The path forward for congressional action on abortion rights remains unclear on Wednesday as a sweeping Democratic-led bill is poised to fail in the U.S. Senate.
The attempts to codify abortion rights at the federal level come as the Supreme Court is likely to overturn Roe v. Wade this year, according to a draft court decision reported by Politico last week. But they also underscore differences among Democrats and also between them and Sen. Susan Collins, R-Maine, who is unique in her party for her public support of the Roe v. Wade.
Collins and Sen. Lisa Murkowski, R-Alaska, have put forward a narrower bill that seeks to codify the language of Roe v. Wade and the 1992 Planned Parenthood v. Casey decision, which upheld abortion rights while allowing for some restrictions on access.
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Neither bill has a clear path forward in Congress due to the 60-vote legislative filibuster. But both highlight disparate understandings of the next steps on abortion between Collins, who is largely looking to maintain the status quo under Roe v. Wade, and most Democrats, who are looking to preserve the 1973 decision while also targeting restrictions on abortion rights that have already limited access to the procedure in conservative states.
The Democratic-led bill, known as the Women’s Health Protection Act, passed the U.S. House along mostly party lines last year with Reps. Chellie Pingree and Jared Golden, both Democrats from Maine, voting in favor. Sen. Angus King backed it in the Senate, while Collins was opposed.
It aims to enshrine the right to an abortion in federal law and limit states’ ability to to restrict access. The bill would have relatively few effects in Maine, where legal protections for abortion are already strong, compared to other states but would limit the effects of a potential Supreme Court decision overturning Roe v. Wade and could force states with stringent restrictions on abortion access to continue to allow the procedure regardless of the court’s upcoming decision.
Republicans including Collins have argued the bill is too broad and could force Catholic health care providers to perform abortions despite religious objections. Democrats have contested that claim, saying the bill limits states from imposing restrictions on abortion rights but does not force providers to perform the procedure.
The legislation goes further than current court decisions in other ways. For example, it explicitly bars states from requiring women to make in-person visits to an abortion provider that are not medically necessary, a provision that would target current laws in some conservative states that call for a waiting period after a patient first visits a provider before receiving an abortion. Those laws have been upheld under the current Roe v. Wade framework.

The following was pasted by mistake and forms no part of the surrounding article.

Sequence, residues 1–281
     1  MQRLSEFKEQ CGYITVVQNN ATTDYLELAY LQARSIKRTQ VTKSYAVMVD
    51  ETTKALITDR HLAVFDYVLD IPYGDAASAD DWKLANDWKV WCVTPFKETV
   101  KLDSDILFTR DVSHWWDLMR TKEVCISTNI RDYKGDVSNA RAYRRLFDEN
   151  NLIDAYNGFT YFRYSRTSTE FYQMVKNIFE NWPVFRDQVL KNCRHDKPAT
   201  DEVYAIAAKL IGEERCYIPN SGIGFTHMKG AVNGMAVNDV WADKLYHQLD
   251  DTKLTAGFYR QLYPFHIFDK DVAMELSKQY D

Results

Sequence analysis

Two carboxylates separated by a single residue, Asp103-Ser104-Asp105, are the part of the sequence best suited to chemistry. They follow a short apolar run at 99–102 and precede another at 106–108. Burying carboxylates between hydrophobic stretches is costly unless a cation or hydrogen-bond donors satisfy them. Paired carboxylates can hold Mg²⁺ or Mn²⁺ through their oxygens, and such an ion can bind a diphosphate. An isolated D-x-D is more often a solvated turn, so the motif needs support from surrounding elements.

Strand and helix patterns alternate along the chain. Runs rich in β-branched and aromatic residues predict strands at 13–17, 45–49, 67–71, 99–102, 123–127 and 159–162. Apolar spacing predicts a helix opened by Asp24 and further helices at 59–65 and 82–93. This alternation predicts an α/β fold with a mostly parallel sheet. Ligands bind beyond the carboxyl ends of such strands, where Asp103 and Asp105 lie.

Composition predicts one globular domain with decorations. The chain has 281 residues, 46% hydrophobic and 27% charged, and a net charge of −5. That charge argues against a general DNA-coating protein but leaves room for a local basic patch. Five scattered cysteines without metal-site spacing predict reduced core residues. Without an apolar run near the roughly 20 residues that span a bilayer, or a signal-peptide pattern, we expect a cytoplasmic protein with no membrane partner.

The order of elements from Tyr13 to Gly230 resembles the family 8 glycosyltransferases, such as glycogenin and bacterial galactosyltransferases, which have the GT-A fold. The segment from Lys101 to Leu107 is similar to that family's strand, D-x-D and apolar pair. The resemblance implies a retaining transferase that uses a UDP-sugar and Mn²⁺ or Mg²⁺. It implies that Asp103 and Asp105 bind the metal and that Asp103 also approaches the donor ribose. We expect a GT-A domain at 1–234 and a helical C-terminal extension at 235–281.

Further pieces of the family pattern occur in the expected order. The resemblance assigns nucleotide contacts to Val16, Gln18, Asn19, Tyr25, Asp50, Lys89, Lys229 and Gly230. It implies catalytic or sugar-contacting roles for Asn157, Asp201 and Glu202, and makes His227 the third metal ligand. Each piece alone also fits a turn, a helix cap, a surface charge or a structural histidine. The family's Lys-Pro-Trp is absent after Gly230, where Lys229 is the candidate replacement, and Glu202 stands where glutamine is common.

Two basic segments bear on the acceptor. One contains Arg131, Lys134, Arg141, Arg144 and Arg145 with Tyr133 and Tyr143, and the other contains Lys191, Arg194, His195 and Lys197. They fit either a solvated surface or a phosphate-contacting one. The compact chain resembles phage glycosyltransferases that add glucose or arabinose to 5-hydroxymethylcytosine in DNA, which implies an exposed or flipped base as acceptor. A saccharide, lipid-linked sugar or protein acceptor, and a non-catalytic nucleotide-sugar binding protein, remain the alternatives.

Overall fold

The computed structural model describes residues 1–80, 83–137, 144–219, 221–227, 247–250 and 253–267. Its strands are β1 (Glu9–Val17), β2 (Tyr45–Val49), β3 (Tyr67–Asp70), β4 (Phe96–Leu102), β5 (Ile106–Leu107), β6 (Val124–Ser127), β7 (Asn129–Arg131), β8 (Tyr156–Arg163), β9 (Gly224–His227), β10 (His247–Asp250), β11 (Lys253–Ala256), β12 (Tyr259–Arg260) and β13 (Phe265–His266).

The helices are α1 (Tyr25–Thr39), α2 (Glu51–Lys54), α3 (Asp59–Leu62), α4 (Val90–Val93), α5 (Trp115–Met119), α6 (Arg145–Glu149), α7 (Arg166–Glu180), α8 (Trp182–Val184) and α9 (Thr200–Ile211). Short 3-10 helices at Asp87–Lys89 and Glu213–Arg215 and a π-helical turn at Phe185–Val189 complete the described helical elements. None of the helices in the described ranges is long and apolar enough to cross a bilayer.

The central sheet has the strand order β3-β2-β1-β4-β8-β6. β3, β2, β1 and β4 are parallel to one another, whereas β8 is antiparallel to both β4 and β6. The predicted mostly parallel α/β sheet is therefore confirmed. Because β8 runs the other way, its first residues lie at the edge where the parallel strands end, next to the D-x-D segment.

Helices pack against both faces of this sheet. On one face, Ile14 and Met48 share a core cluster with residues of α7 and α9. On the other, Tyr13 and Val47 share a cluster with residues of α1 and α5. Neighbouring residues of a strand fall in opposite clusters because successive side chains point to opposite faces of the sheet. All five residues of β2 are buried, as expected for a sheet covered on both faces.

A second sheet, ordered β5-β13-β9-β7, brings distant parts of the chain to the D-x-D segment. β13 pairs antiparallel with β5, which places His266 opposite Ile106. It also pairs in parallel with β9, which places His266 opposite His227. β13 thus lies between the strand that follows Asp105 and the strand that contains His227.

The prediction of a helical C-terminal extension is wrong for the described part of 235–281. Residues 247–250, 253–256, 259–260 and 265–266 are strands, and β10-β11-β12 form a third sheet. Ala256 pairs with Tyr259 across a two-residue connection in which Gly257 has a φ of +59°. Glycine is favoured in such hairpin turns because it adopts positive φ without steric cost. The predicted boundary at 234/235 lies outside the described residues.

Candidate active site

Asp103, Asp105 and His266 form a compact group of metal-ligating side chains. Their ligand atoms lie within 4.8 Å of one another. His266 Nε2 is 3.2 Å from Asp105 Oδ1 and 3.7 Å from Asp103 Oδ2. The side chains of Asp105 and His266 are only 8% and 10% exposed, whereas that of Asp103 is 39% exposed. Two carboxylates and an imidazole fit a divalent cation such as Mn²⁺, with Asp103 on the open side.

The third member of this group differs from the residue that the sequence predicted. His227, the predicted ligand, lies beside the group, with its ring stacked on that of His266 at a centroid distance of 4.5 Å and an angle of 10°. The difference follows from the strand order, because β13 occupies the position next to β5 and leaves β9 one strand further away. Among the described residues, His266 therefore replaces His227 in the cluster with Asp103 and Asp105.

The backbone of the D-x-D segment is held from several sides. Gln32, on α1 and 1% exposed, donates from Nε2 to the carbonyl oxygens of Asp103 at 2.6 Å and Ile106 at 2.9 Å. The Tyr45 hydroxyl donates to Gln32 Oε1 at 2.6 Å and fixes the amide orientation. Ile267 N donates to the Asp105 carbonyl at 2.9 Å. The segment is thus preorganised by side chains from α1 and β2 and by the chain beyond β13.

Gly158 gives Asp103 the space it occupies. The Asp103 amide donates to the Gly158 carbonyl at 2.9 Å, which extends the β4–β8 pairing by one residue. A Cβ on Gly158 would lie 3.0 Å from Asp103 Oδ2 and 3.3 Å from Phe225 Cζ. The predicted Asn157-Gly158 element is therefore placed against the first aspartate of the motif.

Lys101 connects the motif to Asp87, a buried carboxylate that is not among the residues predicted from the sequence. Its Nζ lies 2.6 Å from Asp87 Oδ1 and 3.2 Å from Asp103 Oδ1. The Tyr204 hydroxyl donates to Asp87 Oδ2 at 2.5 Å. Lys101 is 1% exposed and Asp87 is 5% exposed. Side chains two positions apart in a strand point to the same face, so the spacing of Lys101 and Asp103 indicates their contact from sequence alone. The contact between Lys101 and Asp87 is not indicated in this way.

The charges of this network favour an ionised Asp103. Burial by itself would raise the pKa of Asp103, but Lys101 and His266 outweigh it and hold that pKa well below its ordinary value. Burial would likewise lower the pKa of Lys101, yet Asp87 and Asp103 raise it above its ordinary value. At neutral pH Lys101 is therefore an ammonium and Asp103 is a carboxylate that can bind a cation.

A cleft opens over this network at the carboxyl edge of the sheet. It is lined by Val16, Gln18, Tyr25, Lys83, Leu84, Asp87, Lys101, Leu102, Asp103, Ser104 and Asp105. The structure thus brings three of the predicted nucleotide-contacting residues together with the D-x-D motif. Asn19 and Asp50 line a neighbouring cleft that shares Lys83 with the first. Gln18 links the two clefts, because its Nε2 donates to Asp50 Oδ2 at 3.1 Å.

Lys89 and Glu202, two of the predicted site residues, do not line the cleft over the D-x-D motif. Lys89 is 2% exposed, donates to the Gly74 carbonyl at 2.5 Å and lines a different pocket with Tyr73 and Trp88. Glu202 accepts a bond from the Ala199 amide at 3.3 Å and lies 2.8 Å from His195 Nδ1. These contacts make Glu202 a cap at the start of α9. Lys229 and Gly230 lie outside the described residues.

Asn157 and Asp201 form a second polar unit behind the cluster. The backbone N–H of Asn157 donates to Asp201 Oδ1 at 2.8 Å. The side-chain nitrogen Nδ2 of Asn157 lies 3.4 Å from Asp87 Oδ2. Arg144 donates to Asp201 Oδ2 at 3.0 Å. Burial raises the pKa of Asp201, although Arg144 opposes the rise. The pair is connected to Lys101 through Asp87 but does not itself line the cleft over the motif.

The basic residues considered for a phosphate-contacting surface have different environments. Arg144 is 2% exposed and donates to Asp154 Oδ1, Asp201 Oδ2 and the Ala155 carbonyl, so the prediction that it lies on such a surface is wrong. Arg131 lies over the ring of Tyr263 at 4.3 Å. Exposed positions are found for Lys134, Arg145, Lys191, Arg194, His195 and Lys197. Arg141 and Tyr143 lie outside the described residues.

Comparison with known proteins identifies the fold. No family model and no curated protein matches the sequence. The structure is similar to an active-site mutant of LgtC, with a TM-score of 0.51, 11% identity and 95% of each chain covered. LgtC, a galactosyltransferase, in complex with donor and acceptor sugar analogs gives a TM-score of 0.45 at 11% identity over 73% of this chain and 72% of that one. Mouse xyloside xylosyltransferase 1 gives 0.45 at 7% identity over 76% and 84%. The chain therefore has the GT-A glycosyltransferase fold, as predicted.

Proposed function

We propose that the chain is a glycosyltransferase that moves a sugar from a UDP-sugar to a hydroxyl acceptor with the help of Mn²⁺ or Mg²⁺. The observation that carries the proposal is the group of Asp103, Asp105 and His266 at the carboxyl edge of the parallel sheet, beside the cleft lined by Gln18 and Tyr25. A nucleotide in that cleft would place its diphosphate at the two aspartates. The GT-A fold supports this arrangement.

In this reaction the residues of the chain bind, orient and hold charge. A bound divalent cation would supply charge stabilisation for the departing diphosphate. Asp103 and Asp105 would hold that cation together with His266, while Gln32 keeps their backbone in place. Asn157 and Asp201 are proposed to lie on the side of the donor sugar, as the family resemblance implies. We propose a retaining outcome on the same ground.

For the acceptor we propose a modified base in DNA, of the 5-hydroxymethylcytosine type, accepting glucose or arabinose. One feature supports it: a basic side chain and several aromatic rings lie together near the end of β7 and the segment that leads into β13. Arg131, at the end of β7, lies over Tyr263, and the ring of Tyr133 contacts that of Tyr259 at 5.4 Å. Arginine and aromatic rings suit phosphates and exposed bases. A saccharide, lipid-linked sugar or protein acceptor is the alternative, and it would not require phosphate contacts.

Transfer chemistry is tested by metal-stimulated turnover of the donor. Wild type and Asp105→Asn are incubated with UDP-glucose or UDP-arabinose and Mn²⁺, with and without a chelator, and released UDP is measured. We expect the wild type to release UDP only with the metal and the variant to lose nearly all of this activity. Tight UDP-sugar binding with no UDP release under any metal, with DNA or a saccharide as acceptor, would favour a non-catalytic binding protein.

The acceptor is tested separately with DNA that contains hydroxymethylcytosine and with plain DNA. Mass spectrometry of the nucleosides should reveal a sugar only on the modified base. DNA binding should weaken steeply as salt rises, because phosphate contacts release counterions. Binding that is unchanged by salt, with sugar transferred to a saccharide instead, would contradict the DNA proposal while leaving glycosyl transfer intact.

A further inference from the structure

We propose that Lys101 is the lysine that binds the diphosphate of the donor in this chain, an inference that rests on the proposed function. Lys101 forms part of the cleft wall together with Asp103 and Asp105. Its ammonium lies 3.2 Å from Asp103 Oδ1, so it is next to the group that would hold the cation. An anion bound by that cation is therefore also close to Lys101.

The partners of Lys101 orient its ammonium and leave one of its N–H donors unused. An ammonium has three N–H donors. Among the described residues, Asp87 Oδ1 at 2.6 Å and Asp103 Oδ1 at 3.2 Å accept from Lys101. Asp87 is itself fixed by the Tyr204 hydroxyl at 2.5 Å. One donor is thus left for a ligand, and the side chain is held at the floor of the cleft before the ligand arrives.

The alternative bill from Collins and Murkowski would restrict states from placing a “undue burden” on women seeking an abortion prior to fetal viability, drawing from language of the 1992 Planned Parenthood v. Casey decision. It specifies that “unnecessary” health regulations that present a “substantial obstacle” to women seeking an abortion constitute an undue burden. Courts would apply that standard to determine which regulations could remain.
It specifies that “unnecessary” health regulations that present a “substantial obstacle” to women seeking an abortion constitute an undue burden, but would likely allow states to maintain some restrictions at the discretion of the courts.
Collins and Murkowski have pointed to laws requiring parental notification for minors seeking an abortion and bans on abortions based on the sex of the fetus — which have been struck down in some states but allowed to stand in others — as among the regulations that could be undermined by the Women’s Health Protection Act but would likely stand under their bill.
Democrats have generally looked at the Collins-Murkowski bill with skepticism. Abortion rights advocates have raised concerns that it would not halt a Texas law, characterized by Collins as “extreme,” that effectively prohibits abortions after six weeks of pregancy, using private lawsuits as an enforcement mechanism. That law continues to face challenges but has remained in effect so far, although Collins argues it could be unlawful under her bill.
Wednesday’s vote is unlikely to be the end of the abortion rights discussion in Congress. Collins’ office confirmed on Tuesday that she had discussed a possible compromise with Sen. Tim Kaine, D-Virginia.
Even such a compromise could still face trouble in the Senate, where 60 votes are needed to overcome the filibuster. No Republicans other than Collins and Murkowski have indicated publicly that they are likely to support congressional efforts to enshrine abortion rights.
Senate Republicans and a handful of Democrats have expressed skepticism of changing the filibuster to codify the right to an abortion. A Collins spokesperson confirmed Tuesday the Maine senator continues to oppose filibuster changes.